Linux
aws ssm put-parameter \ --name "MyStringListParameter" \ --type "StringList" \ --value "North,South,East,West"
Windows
aws ssm put-parameter ^ --name "MyStringListParameter" ^ --type "StringList" ^ --value "North,South,East,West"

For more examples of creating and updating parameters using the AWS CLI, see Create a Systems Manager parameter (AWS CLI) and put-parameter in the AWS Systems Manager section of the AWS CLI Command Reference.

Parameters in Run Command commands

The following example command includes a Systems Manager parameter named DNS-IP. The value of this parameter is simply the IP address of an instance. This example uses an AWS CLI command to echo the parameter value.

Linux
aws ssm send-command \ --document-name "AWS-RunPowerShellScript" \ --document-version "1" \ --targets "Key=instanceids,Values=i-02573cafcfEXAMPLE" \ --parameters "commands='echo {{ssm:DNS-IP}}'" \ --timeout-seconds 600 \ --max-concurrency "50" \ --max-errors "0" \ --region us-east-2
Windows
aws ssm send-command ^ --document-name "AWS-RunPowerShellScript" ^ --document-version "1" ^ --targets "Key=instanceids,Values=i-02573cafcfEXAMPLE" ^ --parameters "commands='echo {{ssm:DNS-IP}}'" ^ --timeout-seconds 600 ^ --max-concurrency "50" ^ --max-errors "0" ^ --region us-east-2

The next example command uses a SecureString parameter named SecurePassword. The command commands=['$secure = (Get-SSMParameterValue -Names SecurePassword -WithDecryption $True).Parameters[0].Value','net user administrator $secure'] retrieves and decrypts the value of the SecureString parameter, and then resets the local administrator password without having to pass the password in clear text.

Linux
aws ssm send-command \ --document-name "AWS-RunPowerShellScript" \ --document-version "1" \ --targets "Key=instanceids,Values=i-02573cafcfEXAMPLE" \ --parameters "commands=['$secure = (Get-SSMParameterValue -Names SecurePassword -WithDecryption $True).Parameters[0].Value','net user administrator $secure']" \ --timeout-seconds 600 \ --max-concurrency "50" \ --max-errors "0" \ --region us-east-2
Windows
aws ssm send-command ^ --document-name "AWS-RunPowerShellScript" ^ --document-version "1" ^ --targets "Key=instanceids,Values=i-02573cafcfEXAMPLE" ^ --parameters "commands=['$secure = (Get-SSMParameterValue -Names SecurePassword -WithDecryption $True).Parameters[0].Value','net user administrator $secure']" ^ --timeout-seconds 600 ^ --max-concurrency "50" ^ --max-errors "0" ^ --region us-east-2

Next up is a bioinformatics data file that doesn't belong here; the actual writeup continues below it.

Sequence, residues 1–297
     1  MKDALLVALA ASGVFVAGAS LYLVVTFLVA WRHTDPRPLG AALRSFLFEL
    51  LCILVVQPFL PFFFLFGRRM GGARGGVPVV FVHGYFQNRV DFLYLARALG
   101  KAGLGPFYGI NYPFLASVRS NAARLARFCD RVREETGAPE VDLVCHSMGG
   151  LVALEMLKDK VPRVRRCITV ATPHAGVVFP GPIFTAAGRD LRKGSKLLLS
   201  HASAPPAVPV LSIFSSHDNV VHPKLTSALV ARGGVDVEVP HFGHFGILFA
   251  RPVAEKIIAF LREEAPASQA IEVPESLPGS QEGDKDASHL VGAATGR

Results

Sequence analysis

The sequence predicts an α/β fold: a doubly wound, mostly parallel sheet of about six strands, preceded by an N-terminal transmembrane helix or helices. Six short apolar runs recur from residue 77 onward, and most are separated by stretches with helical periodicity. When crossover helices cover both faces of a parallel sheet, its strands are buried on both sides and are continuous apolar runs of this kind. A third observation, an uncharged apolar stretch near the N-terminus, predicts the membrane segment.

You can also reference Systems Manager parameters in the Parameters section of an SSM document, as shown in the following example.

{ "schemaVersion":"2.0", "description":"Sample version 2.0 document v2", "parameters":{ "commands" : { "type": "StringList", "default": ["{{ssm:parameter-name}}"] } }, "mainSteps":[ { "action":"aws:runShellScript", "name":"runShellScript", "inputs":{ "runCommand": "{{commands}}" } } ] }

Don't confuse the similar syntax for local parameters used in the runtimeConfig section of SSM documents with Parameter Store parameters. A local parameter isn't the same as a Systems Manager parameter. You can distinguish local parameters from Systems Manager parameters by the absence of the ssm: prefix:

"runtimeConfig":{ "aws:runShellScript":{ "properties":[ { "id":"0.aws:runShellScript", "runCommand":"{{ commands }}", "workingDirectory":"{{ workingDirectory }}", "timeoutSeconds":"{{ executionTimeout }}"
Note

SSM documents currently don't support references to SecureString parameters. This means that to use SecureString parameters with, for example, Run Command, you have to retrieve the parameter value before passing it to Run Command, as shown in the following examples:

Linux
value=$(aws ssm get-parameters --names parameter-name --with-decryption)
aws ssm send-command \ --name AWS-JoinDomain \ --parameters password=$value \ --instance-id instance-id
Windows
aws ssm send-command ^ --name AWS-JoinDomain ^ --parameters password=$value ^ --instance-id instance-id
Tools for Windows PowerShell
$secure = (Get-SSMParameterValue -Names parameter-name -WithDecryption $True).Parameters[0].Value | ConvertTo-SecureString -AsPlainText -Force
$cred = New-Object System.Management.Automation.PSCredential -argumentlist user-name,$secure

Integration examples from the community

The following section provide links to blog posts, articles, and community-provided examples for using Parameter Store parameters.

Note

These links are provided for informational purposes only, and should not be considered either a comprehensive list or an endorsement of the content of the examples. AWS is not responsible for the content or accuracy of external content.